INDIANAPOLIS — Ben McAdoo said he tries to distance himself as much as possible from the business side of offseason decision-making. So of course he is thrilled that Jason Pierre-Paul will be back with the Giants for at least the 2017 season, no matter the consequences of the team using the franchise tag to get that security.

“It’s great to have JPP around,” McAdoo said Wednesday at the Combine. “We think highly of him . . . Jason is a great part of the team, someone who made some progress last year. It’ll be great to have him back.”

McAdoo was unconcerned with the roughly $17 million in salary cap space currently occupied by the use of that franchise tag, a number that would go down considerably if the Giants and Pierre-Paul are able to agree to a long-term deal. That would appear to be in the best interest of both sides, especially with free agency looming on March 9. Without that deal, the Giants will have only around $14.5 million in cap space to make any additions to the roster.

“You go through, we evaluate the free agents, we went through that process, had some meetings on it,” McAdoo said of the free agency philosophy. “You take a look at free agency and if you have a chance to hit with some clean players that you feel good about and can make you better then you take your shot. If not, you move on and look forward to the draft.”

A year after spending almost $200 million on defensive additions, the Giants figure to be more focused on fixing their offense this offseason. McAdoo did not agree with that thinking.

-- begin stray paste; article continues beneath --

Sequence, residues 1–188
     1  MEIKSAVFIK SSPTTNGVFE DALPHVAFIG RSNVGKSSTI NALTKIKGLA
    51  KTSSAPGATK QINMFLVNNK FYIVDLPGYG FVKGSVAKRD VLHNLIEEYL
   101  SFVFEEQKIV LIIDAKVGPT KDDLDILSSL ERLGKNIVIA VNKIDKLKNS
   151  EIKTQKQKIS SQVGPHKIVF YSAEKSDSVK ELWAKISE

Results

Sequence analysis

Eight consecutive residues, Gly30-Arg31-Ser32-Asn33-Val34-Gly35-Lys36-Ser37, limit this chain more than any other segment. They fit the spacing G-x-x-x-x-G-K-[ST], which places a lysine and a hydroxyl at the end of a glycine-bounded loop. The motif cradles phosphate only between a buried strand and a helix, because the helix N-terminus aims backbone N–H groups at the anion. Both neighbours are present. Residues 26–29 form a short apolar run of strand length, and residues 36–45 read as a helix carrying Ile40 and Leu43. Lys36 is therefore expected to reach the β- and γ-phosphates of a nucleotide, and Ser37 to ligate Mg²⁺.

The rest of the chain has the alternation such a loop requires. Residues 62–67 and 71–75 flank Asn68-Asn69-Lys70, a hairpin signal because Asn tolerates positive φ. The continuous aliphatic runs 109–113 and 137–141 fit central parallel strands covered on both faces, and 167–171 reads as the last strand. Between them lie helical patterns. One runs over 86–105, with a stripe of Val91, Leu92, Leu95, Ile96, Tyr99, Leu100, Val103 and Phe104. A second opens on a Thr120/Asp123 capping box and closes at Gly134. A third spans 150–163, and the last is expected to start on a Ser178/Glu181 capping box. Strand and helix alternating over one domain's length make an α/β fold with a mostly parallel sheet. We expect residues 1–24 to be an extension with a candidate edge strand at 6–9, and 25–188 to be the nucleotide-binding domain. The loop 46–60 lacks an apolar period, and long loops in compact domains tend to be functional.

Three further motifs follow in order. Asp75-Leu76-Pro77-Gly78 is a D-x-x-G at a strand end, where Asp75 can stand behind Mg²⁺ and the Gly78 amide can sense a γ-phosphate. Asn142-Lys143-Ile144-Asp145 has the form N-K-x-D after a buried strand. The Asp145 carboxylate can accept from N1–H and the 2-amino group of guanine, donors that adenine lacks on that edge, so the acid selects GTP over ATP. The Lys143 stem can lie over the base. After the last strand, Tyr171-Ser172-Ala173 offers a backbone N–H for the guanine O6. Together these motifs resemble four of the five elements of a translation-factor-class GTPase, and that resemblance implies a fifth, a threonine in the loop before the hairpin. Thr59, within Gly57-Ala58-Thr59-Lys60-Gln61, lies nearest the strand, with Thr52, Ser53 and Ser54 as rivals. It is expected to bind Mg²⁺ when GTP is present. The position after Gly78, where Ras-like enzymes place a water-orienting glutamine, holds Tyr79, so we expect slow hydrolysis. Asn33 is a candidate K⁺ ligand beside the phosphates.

“I don’t think you look at it like that,” he said. “I think you go through the evaluation process and whether it’s free agency or the draft you try to come up with the best players that you can, what makes the most sense for the long-term health of the organization.”

It’s clear, though, that the Giants want to keep their defense as intact as possible. The Pierre-Paul move signifies that, as does their retention of veteran cornerback Dominique Rodgers-Cromartie who was a possible salary cap casualty.

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“The defense made a lot of progress last year,” McAdoo said. “We added some guys to the mix who were talented men of integrity, tremendous character, they played hard, and it was important for them to see each other have success. That was a big part of things. But at the same time we’re not looking to play defense the way we played defense last year, we’re looking to get better. We can’t show up thinking we have everything figured out on the defensive side of the ball. We need to make gains, marginal gains, maybe one percent gains, but we need to generate those. We can’t be too big to do the little things, and that needs to show up the first day we get together in April.”

That was a mantra coming into 2016 for the offense, but instead that group took a step backwards. McAdoo would like the defense to avoid such a retreat.

“I know there were a lot of questions asked on how good our offense was going to be last year going into the season and as I said last year, that’s a loser’s mentality,” McAdoo said. “If you think you can just show up and start where you left off, you’re not going to get very far for very long in this business.”